FIVE PERFORMANCE MARKETING LESSONS FROM THE MASTER
Gavin reflects on his early experience working for Popeil and the lessons even the most brand-conscious marketer can learn without running cheesy, late-night infomercials.
I lost $25,000 of his in just one weekend.
“They are only your friends because you have my credit card!”
That’s what he told me the Friday before the weekend started.
And who could argue with a man who sold over $1 Billion in Rotisserie Ovens?
This guy was brilliant; he knew it was going to happen.
Ron Popeil is a marketing genius.
But what many may not know is that he was also an incredible media buyer.
Early in my career, I was a media buyer for the famous pitchman.
Maybe you’ve heard of some of his “amazing” inventions:
The Pocket Fisherman, the Inside-the-Egg Scrambler, or even GLH 9 (Spray on Hair!).
Ok…maybe you don’t know his products…but you may know some of his catchphrases:
“Set it and Forget it”… or “Not $200, Not $100 just three easy payments of $19.95!”
Or the most famous one…”But wait there’s more…”
(FYI – He never actually said that one but much of the infomercial world credits it to him)
Over the years many have written about Ron Popeil, the King of Late Night Infomercials.
Even podcast host and writer Malcolm Gladwell has written glowingly about his salesmanship and product design.
It’s true…he insisted on a glass door for the rotisserie so you could see the food cooking.
I can tell you, watching a spinning chicken basting in its own fat is actually hours of great entertainment. Really!
But salesmanship and product innovation weren’t the only pieces of this puzzle.
5 Helpful Lessons for Today’s Performance Marketers
1. When it Comes to Media Buying…Hire Salespeople!
When Ron Popeil hired me to be a media buyer, I was surprised.
I had never actually bought media…not $1.
I had only ever been a radio salesperson.
But 8-out-of-10 of his media buyers also used to be salespeople!
To be successful in performance marketing, you’ll be buying at below-market rates.
Buying performance media often means buying at rates and times that networks don’t really want to sell.
I was shocked how much persuasion and nudging to take my (Ron’s) money.
That’s why you need to hire a smart, aggressive, and persuasive media agency that can sell media vendors on bending to your campaign’s needs.
2. In the media world…past performance is a decent indicator of future performance.
Every Friday was terrifying.
Ron would call each media buyer to review the weekend’s buys.
He’d start at one end of the hall and spend 15-20 minutes with each buyer.
You better know everything about your media buys and how to defend them.
We were buying $1-2 million in media each week when I was at Ronco.
That was across hundreds of networks and local stations.
He knew all the stations around the country intimately. He knew how much they were worth.
And he always knew which one of your buys was the weakest.
If you didn’t’ have good reason to have made the buy…watch out!
It was somewhat of a career highlight for me when Ron let me have it for making a bad buy!
His approach was simple:
If you got 100 orders from a station last Saturday afternoon, then
Assume the same station for the next Sunday afternoon would be 85 orders or less.
That was key when you when offering a rate to clear the show. Know how much they are worth.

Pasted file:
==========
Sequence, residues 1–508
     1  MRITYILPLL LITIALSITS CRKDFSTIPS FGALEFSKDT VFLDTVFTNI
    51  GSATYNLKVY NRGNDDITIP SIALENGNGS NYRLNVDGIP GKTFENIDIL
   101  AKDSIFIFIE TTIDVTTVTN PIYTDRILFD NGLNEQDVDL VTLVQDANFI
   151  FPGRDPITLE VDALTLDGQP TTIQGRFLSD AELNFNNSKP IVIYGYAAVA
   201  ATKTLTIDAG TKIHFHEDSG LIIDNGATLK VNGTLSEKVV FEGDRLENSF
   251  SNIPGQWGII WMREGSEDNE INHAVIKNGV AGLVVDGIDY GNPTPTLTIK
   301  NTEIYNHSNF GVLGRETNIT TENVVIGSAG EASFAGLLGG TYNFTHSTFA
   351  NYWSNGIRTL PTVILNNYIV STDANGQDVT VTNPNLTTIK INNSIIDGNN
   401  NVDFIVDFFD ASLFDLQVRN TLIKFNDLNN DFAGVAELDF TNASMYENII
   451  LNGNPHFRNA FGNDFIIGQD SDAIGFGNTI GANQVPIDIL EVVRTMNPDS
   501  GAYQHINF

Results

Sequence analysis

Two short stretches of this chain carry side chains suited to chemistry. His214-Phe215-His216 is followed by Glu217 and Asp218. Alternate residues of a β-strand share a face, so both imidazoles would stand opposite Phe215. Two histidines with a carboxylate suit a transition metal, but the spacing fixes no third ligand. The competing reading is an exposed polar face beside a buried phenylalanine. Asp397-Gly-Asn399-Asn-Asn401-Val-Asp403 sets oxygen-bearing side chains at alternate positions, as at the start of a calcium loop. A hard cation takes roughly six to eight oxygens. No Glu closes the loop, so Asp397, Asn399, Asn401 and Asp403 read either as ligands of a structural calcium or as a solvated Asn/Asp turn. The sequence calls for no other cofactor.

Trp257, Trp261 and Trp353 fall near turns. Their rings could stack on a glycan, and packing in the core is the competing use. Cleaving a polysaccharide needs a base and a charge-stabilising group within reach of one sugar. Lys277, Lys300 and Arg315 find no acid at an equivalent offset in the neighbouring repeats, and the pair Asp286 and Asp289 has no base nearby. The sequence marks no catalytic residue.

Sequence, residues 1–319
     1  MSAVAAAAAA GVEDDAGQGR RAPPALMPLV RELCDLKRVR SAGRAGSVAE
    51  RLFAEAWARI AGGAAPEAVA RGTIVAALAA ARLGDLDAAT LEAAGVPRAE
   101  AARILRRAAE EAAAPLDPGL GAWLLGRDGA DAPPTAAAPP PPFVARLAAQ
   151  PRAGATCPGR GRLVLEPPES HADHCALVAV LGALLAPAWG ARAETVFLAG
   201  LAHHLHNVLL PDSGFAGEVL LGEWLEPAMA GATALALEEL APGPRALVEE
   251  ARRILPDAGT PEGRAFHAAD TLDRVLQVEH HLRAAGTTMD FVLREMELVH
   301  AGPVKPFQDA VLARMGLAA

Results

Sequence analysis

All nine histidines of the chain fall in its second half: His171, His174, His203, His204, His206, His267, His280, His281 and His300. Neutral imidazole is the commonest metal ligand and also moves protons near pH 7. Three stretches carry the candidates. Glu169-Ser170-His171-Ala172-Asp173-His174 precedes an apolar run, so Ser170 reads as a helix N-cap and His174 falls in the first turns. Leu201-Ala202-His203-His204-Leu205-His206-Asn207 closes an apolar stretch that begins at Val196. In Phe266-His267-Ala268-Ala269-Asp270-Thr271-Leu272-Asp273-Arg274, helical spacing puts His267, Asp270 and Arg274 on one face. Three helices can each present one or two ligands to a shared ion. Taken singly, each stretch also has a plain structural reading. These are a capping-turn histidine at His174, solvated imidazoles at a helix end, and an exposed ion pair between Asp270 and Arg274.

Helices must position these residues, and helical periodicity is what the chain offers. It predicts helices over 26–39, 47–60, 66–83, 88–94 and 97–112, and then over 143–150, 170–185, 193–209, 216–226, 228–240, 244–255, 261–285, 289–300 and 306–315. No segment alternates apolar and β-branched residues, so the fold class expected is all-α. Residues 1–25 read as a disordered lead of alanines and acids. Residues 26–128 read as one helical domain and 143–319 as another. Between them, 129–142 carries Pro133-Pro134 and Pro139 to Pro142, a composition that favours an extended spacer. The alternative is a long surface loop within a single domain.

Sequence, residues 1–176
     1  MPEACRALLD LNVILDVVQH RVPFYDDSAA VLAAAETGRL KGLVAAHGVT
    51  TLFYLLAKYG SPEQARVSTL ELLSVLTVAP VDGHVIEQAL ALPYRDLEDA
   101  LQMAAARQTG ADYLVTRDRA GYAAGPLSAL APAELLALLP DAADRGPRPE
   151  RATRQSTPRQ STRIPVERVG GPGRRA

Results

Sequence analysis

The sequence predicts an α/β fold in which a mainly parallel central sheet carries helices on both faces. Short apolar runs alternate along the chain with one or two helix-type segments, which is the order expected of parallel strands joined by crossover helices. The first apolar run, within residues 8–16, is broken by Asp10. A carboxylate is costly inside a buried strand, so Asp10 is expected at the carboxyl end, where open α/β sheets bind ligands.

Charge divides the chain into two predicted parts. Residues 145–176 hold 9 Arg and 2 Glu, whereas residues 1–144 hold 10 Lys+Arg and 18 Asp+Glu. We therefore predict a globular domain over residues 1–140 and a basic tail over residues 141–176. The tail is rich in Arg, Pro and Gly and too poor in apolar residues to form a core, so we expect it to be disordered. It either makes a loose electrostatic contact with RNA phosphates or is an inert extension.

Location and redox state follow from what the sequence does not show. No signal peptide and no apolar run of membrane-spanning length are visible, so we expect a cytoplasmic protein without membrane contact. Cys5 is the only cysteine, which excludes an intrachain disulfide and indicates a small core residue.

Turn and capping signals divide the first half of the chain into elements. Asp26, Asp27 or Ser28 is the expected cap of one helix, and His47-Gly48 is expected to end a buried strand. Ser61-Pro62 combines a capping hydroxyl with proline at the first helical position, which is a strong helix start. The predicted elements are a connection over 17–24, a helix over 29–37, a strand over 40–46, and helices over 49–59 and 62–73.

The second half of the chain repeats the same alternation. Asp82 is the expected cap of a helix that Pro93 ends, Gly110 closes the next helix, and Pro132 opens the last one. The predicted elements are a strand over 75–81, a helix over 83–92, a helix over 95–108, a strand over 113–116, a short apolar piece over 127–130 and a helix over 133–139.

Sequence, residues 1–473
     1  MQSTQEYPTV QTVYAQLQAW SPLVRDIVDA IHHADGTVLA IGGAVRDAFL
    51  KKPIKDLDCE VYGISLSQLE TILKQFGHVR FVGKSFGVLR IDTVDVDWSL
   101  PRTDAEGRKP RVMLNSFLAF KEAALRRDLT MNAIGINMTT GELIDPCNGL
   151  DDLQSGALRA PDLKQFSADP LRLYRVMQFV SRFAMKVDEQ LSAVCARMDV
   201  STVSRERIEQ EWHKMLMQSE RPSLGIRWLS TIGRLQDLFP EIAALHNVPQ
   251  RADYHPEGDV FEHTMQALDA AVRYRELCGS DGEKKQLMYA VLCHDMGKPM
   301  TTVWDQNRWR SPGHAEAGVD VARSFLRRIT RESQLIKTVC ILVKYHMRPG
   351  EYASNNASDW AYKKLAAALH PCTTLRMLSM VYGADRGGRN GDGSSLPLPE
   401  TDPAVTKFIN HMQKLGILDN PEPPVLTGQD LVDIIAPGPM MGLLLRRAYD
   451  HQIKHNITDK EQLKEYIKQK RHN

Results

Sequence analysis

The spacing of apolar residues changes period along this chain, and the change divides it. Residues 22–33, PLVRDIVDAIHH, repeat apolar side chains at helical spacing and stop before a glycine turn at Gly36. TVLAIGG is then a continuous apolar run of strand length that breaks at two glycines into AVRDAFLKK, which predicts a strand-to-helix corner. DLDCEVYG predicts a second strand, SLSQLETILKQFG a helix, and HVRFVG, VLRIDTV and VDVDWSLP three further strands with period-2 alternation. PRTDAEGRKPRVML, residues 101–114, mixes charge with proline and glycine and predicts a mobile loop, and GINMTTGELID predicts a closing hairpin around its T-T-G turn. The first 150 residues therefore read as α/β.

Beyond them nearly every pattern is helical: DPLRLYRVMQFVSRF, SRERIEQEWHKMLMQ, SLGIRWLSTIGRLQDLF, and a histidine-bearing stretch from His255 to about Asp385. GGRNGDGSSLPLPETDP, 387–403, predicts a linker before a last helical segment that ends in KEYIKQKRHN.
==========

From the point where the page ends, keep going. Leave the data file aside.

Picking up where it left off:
3. Build and stack value to create a compelling offer.
In order to create an offer that was impossible to ignore he focused relentlessly on increasing the perceived value of his offer.
He always looked for complementary items with high value as an incentive.
Once the value was high enough he could make the offer “frictionless” taking away as many barriers to responding as possible.
When you look at your offer or your landing page, are you making it as easy as possible for a consumer to respond?
4. Every customer interaction is a sales opportunity.
Ron Popeil made $500K/week in profit from customer complaints. Think about that!
Ron took great pains to monitor each and every aspect of the customer engagement, all with an eye towards improving Lifetime Value (LTV).
There was a large customer service department whose job it was to field calls from consumers complaining about the products and figure out how to end the call with an upsell to things like chicken ties (to keep the chicken from burning as spun), cleaning supplies, and even his other products like spray-on hair!
But Ron didn’t want to wait for upsells to make money, he insisted on being profitable on the FIRST sale.
5. The product is the star.
Ron Popeil understood that as good as he was at connecting with his audience – it was the product that sold itself, and that made it a business.
You will not find a group that believes as strongly in the power of an influencer or host endorsement than Oxford Road.
However, before you put someone else’s name or voice on top of your brand spend a great time and effort to make sure your product is as compelling as it can be.
Imagine if you didn’t have the luxury of a great host endorsing your product.
Would your product stand up on its own?
Could it drive people to call or buy right now on its own merits?
Get the product or service as close to being the star before you add on host endorsements.
Ron Popeil built a rotisserie oven business into a unicorn.
But he had 50+ years to perfect his approach to performance marketing.
I’m guessing you and your investors don’t have that kind of time to learn.
You certainly don’t want to lose money with a bad media buy.
Find a partner who has already learned from the mistakes.
Find a media partner who has depth of experience and knows your space.
Shorten the learning curve.
Need a recommendation? I know a group that’s here and ready to work with you.
“But wait there’s more…”
Call me now…operators are standing by.